The danger is, when retailers are squeezed they squeeze their suppliers. Does Joret worry eggs are becoming commoditised like milk, a situation that has destabilised the dairy industry?
“It’s not a healthy situation. But it won’t get as bad as dairy. The eggs sector has always been unsupported, there was never a CAP regime like there was for milk. We go bust if we get it wrong, so we have to be more in tune with the market. That’s not to say it’s not tough at the moment. It certainly is. But as an industry we are innovative. We will find ways of getting through it.”
The current price of feed will help. It’s the “single biggest cost” for egg producers. “And if you look at the commodity market for cereals and soya, those prices are relatively low. If you’re talking about producers receiving 99p for six free-range eggs, the industry can survive, but only because of where feed costs are. If they shoot up, retailers would have to change.”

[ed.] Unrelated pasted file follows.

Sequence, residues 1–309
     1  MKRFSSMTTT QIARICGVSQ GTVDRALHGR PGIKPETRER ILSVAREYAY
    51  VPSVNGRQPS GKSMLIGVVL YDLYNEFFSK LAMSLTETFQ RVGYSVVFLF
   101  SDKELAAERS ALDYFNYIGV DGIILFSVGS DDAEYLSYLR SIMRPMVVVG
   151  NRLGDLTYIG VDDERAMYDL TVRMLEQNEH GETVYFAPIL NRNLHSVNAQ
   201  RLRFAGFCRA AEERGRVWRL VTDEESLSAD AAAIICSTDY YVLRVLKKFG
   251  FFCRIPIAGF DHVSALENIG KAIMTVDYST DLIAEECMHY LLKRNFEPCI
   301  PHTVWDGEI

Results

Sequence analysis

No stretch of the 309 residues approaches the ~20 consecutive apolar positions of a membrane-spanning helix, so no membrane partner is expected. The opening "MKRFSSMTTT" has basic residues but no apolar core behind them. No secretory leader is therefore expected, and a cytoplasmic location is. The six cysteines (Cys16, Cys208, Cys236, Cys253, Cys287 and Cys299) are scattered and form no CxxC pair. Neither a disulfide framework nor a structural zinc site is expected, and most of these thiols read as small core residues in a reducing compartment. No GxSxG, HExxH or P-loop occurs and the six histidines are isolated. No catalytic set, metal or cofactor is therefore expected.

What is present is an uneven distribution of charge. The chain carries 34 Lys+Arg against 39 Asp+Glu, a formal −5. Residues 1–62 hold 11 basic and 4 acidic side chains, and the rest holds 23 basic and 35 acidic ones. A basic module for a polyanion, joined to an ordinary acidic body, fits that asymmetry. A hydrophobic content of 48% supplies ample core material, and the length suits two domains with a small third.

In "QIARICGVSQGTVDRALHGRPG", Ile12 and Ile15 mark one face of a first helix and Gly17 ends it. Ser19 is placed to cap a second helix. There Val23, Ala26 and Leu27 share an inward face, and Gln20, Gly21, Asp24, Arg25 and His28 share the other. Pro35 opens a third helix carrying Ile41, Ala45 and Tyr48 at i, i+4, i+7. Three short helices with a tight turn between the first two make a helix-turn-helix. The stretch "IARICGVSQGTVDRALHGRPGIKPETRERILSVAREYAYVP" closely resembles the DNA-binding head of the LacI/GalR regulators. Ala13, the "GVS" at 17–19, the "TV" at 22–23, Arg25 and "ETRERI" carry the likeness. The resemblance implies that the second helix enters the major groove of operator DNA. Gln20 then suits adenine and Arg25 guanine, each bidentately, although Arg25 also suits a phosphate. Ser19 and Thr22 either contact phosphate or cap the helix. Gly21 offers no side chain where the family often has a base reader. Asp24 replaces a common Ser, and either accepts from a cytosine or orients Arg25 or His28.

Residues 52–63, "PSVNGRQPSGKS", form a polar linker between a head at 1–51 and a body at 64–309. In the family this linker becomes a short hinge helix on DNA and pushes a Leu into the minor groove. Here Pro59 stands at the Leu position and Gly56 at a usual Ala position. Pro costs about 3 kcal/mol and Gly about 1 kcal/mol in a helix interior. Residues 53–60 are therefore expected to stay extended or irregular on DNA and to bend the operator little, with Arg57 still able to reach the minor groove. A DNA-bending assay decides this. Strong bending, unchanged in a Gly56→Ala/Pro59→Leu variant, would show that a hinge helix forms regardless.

Joret doesn’t look like he relishes the prospect of convincing them, but says there is “no immediate prospect” of a spike in prices that might force the issue. “Although you can’t say it’s never going to happen.”
So maybe everything isn’t so rosy in the world of eggs after all? Many say caged hens would agree. A host of US retailers recently committed to cage-free eggs, including Walmart, the biggest retailer of them all. McDonald’s did, too. So should UK retail do the same? And, as the voice of the egg industry, is it a tricky issue for the BEIC to negotiate?